Perhaps you think people don’t have the ability to vet these stories themselves, so you think they’re not supposed to be posted and talked about? Only stories you feel can be accepted without too much thought should be posted? That’s really all I can make out of any objections to having something posted here. Maybe you just don’t think very much of others ability to think about things themselves. Which is rather insulting actually.

      This isn’t the MSM where everything parroted is gospel. Question everything is the running mantra here. The assumption here on Disinformation is that you have intelligence enough to sort these stories out yourself and comment on them. Indeed when stories of this sort are posted by Newsweek you ARE supposed to take it at face value there. When posted on Disinformation though, I find this crowd most times reads it with an open but sceptical mind as to the truth value and angle etc. That’s a lot to ask perhaps but I think most here have proven they’re up to the task.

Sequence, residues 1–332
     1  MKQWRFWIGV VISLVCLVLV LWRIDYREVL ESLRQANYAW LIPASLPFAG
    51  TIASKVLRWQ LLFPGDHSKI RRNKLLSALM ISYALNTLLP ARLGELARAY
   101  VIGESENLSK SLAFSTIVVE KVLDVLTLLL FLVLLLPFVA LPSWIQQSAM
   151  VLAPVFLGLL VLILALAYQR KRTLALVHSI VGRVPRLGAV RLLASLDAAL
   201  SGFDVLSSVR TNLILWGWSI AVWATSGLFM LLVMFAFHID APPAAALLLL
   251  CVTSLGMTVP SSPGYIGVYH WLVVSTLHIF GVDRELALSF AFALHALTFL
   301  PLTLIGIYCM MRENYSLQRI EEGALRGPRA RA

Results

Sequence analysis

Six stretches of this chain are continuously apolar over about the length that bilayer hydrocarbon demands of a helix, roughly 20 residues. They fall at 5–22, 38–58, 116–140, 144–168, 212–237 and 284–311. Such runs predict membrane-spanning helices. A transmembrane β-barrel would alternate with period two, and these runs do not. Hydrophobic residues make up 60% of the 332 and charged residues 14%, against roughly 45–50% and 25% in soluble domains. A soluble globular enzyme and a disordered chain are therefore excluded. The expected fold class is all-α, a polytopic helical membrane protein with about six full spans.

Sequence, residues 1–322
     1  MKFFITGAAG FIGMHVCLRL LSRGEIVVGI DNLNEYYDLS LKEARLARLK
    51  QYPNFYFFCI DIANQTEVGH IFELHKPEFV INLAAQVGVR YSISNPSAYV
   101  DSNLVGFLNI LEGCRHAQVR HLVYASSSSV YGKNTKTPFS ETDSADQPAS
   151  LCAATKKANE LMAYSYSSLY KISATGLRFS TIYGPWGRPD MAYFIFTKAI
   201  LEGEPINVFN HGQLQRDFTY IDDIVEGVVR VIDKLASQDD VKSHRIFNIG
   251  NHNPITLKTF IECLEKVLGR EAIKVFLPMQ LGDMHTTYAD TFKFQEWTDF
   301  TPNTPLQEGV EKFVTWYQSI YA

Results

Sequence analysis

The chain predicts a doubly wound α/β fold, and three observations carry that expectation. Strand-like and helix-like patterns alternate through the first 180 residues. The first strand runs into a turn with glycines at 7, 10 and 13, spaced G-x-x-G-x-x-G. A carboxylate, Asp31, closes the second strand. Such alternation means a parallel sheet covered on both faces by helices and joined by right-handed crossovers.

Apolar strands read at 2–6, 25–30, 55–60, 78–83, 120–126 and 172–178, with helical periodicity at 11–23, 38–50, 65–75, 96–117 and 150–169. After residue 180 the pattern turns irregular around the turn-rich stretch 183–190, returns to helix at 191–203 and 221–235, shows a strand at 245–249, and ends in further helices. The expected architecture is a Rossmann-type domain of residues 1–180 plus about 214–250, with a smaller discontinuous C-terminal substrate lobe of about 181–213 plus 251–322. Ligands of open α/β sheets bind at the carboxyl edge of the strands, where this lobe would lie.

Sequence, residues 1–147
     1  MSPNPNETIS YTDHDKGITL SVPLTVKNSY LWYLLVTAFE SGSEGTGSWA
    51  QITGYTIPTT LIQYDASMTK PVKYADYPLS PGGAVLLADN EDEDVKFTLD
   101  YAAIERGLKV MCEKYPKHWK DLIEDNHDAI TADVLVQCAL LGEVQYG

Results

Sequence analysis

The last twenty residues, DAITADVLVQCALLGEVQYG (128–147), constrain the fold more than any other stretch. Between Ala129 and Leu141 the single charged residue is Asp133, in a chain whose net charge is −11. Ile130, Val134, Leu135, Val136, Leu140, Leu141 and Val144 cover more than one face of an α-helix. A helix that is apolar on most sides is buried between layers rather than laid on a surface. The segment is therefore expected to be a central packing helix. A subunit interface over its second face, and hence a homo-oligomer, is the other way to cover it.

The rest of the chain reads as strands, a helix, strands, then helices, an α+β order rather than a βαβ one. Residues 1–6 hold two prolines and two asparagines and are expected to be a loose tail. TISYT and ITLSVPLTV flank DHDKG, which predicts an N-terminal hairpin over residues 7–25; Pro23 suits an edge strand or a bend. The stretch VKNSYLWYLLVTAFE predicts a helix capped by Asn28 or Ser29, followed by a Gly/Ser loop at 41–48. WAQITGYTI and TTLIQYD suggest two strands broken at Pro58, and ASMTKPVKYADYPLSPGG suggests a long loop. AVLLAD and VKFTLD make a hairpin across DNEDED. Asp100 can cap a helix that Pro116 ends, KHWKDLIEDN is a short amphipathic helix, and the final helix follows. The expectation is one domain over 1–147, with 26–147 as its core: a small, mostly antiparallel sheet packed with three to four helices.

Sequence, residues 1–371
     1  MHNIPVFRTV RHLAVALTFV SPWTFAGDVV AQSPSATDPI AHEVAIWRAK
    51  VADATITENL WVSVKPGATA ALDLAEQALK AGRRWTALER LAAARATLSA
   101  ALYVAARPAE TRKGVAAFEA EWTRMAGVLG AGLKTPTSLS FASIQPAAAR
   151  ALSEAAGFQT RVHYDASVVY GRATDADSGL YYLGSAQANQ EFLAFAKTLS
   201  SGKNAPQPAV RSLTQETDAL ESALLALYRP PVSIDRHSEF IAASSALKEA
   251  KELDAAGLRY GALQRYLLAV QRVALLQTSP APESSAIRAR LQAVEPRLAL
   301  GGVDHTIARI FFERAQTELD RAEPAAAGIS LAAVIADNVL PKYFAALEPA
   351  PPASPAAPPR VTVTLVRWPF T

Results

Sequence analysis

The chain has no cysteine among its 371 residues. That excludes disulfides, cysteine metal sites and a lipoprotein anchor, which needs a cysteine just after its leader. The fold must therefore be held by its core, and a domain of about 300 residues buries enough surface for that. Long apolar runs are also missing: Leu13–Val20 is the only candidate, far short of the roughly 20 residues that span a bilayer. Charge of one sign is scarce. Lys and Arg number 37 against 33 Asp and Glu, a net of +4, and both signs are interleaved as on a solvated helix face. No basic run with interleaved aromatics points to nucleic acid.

You’re too used to the passive propaganda model of mainstream media methinks. When information is provided there, people are supposed to assume it’s true without much thought given. This is just my take on Disinformation and how I see it, but, reading here is supposed to challenge you to think about what’s written instead of just absorbing it without question. This causes one to challenge preconceived notions at the best of times. I’d imagine that is not very comfortable for some, they don’t like to touch on certain subjects and weigh them on their own merits. If so then those people would be much happier reading at MSN.com or FOX news. Those sites are very good at their intended purpose, to quell any discomforting thoughts, to not only tell you what to think about, but how to think about it.